"The American Film Institute Salute to Bette Davis," on Channel 9 tonight at 9:30, is strictly a star vehicle, much like many Bette Davis movies. Virtually anyone who likes movies likes to watch Bette Davis, and this special - taped at the Beverly Hills banquet where Davis received the AFI Life Achievement Award on March 1 - offers a lot of Davis to watch.

We see her in her screen debut, strolling down in a staricase. Nothing special, it appears. But Davis was a fast learner, and soon she was gobbling up the screen. We see Davis the independent woman, David in love, Davis the fighter, Davis the villain, Davis the old frump. Sometimes it's said that stars in the Davis days shone because of their range as actors. But Davis had it all.

Even when the clips are interrupted for the accoladed on tonight's special, Davis continues to demonstrate her range whenever the camera cuts to her for reaction shots. She looks alternately delighted, embarrassed, pensive. She never appears as "overcome" as she says she is - it's hard to imagine anything overcoming Bette Davis. She is always worth watching.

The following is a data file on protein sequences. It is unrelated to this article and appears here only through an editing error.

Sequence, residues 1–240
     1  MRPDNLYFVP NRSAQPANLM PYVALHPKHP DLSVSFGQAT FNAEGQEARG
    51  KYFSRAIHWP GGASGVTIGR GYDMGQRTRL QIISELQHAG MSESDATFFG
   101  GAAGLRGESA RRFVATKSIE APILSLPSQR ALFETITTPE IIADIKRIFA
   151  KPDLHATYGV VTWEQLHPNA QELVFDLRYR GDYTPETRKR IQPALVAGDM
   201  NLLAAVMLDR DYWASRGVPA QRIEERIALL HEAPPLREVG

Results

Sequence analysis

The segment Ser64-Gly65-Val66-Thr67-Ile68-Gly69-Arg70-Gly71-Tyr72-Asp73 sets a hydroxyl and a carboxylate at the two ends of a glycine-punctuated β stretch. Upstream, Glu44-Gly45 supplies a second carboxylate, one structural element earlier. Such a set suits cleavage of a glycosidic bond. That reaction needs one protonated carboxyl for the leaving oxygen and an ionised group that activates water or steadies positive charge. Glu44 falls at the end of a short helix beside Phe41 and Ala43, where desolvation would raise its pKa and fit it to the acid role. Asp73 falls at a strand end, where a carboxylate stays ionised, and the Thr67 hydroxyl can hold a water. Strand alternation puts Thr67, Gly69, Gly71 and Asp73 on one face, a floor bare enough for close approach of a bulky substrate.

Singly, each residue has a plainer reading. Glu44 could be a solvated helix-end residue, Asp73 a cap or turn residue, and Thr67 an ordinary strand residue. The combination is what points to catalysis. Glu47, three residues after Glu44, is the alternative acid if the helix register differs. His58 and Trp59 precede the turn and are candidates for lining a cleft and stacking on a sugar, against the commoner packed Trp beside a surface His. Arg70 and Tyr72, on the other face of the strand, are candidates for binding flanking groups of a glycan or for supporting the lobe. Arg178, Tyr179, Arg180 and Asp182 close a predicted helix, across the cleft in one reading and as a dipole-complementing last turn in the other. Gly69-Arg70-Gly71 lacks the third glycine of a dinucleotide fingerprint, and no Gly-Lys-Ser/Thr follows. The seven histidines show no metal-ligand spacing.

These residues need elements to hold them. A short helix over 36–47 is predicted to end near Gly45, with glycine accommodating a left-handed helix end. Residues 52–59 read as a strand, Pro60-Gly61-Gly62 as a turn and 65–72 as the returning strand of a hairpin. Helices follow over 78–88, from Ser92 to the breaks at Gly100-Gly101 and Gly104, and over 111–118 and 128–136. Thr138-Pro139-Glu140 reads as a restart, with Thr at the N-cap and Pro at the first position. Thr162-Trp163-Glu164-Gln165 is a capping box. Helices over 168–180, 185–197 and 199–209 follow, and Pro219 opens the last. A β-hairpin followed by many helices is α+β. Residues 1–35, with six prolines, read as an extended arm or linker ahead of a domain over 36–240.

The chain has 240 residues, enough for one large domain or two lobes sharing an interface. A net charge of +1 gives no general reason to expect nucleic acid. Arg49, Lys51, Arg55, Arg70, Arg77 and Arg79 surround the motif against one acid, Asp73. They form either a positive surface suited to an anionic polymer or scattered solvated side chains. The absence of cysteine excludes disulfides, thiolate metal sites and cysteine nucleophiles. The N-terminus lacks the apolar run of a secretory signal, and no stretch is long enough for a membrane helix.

The same cannot be said for all of her admirers who appear tonight. Their comments have been merficully edited for length. A rambling peroration by Joseph Mankiewicz at the actual dinner has been transformed into something sly and slight, but even artificially imposed brevity cannot save some of the speeches. A long plug for AFI's good works unfortunately plugs up the evening's pace.

Only one of the guests, Henry Fonda, has anything to say that can match the Davis clips, but his one anecdote, about a meeting with Davis when both of them had yet to make a movie, is one of the most charming moments the AFI has ever sponsored.